4. Annual Percentage Rates (APRs)
A credit card's APR determines how much interest accrues when you carry a balance.
You generally won't pay any interest on purchases if you pay off the card's entire balance each month. A card with a potentially low interest rate could be best if you intend to occasionally revolve a balance. For reference, the average interest rate on credit cards is around 16%.
If you plan on using the card for a large expense that you'll pay off over time, look for a card that has an intro 0% APR offer. Similarly, balance transfer cards can offer an intro 0% APR on balance transfers during a limited period.
Rewards credit cards can offer you cash back, points or miles on every eligible purchase. Generally, a rewards card will use one of three earnings styles:
- Flat-rate rewards cards give you the same rewards on every purchase that can earn rewards.
- Tiered-rate rewards cards earn bonus rewards on select purchase categories.
- Rotating rewards cards have rotating bonus categories.
In addition to the earnings style, consider the type of rewards you want to earn.
- Cash back may be the easiest to use as you can often redeem the rewards for statement credits or a check, or transfer them to an eligible bank account.
- Cards that earn rewards points can be very flexible and potentially offer more value.
- Co-branded cards that give you airline miles, hotel points or points in other loyalty programs can sometimes be the best fit if you're already a fan of the brand.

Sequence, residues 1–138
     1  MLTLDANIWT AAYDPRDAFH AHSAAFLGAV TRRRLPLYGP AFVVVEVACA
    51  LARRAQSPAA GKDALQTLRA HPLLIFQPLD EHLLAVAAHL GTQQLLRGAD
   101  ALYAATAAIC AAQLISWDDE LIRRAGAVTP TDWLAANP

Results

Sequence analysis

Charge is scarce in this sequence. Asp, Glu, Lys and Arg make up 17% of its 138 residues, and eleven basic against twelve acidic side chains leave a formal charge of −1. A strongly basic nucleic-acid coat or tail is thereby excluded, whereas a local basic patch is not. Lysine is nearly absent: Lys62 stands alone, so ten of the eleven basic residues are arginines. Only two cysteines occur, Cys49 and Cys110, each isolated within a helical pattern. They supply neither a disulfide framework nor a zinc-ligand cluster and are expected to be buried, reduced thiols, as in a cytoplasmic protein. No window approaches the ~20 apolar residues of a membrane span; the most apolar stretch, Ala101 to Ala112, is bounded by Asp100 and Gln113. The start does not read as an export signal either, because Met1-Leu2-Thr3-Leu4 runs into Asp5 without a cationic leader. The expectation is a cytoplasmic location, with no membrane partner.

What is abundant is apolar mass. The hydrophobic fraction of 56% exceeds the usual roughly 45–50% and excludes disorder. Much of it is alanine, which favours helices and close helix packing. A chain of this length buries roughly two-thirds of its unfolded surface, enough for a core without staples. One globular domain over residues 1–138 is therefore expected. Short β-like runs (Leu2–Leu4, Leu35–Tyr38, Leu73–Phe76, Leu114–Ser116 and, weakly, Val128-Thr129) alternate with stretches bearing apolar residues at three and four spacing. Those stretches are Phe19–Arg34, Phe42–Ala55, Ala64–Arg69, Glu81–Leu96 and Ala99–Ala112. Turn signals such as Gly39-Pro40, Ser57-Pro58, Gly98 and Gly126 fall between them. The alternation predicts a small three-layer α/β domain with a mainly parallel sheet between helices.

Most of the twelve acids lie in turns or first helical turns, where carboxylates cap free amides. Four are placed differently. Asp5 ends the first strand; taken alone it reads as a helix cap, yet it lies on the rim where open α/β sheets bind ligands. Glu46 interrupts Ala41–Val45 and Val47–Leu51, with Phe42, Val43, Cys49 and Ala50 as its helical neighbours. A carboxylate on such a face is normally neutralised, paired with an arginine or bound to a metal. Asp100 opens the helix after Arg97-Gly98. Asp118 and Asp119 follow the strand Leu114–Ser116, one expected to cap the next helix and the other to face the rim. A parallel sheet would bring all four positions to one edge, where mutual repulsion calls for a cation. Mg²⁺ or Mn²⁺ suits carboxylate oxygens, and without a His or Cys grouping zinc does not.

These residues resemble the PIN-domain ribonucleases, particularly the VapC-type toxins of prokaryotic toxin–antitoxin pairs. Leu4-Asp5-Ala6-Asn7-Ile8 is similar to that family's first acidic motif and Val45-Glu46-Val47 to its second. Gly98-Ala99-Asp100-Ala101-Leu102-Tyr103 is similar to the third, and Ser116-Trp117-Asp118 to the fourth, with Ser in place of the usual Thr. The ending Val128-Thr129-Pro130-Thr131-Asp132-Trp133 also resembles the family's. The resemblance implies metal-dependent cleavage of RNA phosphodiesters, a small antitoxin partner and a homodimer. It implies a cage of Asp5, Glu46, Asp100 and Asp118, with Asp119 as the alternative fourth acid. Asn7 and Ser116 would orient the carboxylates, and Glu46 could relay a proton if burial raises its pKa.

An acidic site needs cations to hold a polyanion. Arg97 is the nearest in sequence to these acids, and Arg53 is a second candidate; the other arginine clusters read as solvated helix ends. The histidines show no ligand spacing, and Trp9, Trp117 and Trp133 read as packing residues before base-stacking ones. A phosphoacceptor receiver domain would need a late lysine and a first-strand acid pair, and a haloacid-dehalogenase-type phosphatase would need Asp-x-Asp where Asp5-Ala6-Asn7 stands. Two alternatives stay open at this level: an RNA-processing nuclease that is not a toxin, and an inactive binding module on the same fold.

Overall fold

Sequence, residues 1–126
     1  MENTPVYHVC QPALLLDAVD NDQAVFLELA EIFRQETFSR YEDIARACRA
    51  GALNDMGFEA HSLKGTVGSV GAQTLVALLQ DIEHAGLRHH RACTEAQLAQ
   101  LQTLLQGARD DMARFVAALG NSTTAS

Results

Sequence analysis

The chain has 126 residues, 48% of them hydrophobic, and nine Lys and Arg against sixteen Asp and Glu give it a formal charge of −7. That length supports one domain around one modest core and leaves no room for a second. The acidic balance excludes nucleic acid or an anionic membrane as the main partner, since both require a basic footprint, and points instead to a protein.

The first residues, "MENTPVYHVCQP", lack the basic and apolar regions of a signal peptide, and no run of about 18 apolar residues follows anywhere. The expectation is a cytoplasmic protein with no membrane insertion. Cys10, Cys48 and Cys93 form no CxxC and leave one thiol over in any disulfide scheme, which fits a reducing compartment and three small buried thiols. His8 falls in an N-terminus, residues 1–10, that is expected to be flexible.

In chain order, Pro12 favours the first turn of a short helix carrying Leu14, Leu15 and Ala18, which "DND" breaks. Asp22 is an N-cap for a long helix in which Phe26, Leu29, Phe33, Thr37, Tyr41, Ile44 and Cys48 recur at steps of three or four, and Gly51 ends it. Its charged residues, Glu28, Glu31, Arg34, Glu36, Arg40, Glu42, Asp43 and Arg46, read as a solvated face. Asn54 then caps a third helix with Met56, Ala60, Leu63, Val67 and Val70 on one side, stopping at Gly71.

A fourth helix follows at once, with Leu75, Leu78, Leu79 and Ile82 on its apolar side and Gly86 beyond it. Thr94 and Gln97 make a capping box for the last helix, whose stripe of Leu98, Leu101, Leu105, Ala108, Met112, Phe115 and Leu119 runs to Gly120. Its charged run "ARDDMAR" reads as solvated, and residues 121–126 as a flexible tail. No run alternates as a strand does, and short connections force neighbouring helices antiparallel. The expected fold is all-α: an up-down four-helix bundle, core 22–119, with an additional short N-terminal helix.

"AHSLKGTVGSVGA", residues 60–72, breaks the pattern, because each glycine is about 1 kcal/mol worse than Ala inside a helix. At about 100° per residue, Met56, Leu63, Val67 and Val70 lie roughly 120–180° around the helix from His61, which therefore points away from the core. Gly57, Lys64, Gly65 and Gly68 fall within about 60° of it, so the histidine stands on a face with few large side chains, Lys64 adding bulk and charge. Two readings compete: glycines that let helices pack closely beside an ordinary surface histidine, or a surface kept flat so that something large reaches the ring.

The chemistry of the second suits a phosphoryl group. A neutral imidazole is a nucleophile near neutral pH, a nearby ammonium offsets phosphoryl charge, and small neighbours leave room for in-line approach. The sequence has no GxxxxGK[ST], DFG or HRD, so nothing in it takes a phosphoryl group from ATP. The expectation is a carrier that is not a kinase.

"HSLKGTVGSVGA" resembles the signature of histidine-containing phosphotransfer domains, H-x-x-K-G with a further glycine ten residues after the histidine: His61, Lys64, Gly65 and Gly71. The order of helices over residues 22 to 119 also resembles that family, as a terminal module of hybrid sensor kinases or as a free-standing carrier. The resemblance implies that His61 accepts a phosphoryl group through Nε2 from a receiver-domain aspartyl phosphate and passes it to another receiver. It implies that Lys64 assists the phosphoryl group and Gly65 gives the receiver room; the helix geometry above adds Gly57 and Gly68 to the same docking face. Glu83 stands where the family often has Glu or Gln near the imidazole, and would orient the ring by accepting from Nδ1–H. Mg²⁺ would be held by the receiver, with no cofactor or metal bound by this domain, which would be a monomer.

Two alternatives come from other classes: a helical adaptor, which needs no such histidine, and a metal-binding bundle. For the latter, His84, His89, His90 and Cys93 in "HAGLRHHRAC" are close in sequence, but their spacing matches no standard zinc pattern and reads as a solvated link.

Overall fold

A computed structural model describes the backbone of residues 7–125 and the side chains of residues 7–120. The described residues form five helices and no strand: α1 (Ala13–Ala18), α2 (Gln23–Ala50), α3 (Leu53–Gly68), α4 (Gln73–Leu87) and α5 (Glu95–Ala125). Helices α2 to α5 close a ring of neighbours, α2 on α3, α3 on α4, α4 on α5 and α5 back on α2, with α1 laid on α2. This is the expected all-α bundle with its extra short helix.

Having a strategy for earning and redeeming miles is a fun and fruitful hobby for some. Others prefer the simplicity of cash back.
6. Credit Limit
Your card's credit limit dictates how high your balance can go before you can no longer make additional purchases. Your initial credit limit may depend on your credit history, score and relationship with the issuer, and you generally won't know your exact credit limit until after you apply and get approved.
However, you can review some cards' minimum credit limit. For example, the Petal® 1 "No Annual Fee" Visa® Credit Card has a $300 minimum limit. Other cards may also list their minimum credit limit in their terms and conditions.
Some cards have different minimums depending on the version of the card you're approved for. With the Chase Freedom Unlimited®, for example, you may get a Visa Signature card with a $5,000 minimum or a Visa Platinum card with a $500 minimum.
There are also cards that may automatically review your account for a credit limit increase. With the Capital One Platinum Credit Card, you could be automatically considered for a credit limit increase after as little as six months.
You can also ask for a credit limit increase on one of your open cards. But the request could result in a hard inquiry, which may slightly hurt your credit scores. Focusing on improving your credit, paying your bill on time and updating the card issuer with your new income when it increases could also lead the issuer to increase your credit limit without a request.
Compare Personalized Credit Card Offers
If you want to quickly narrow down the list of available cards, you can use Experian CreditMatch™ to review cards from our partners based on their credit score requirements and main attributes. After logging in to an Experian account, you can also choose several cards to create a custom side-by-side comparison before applying.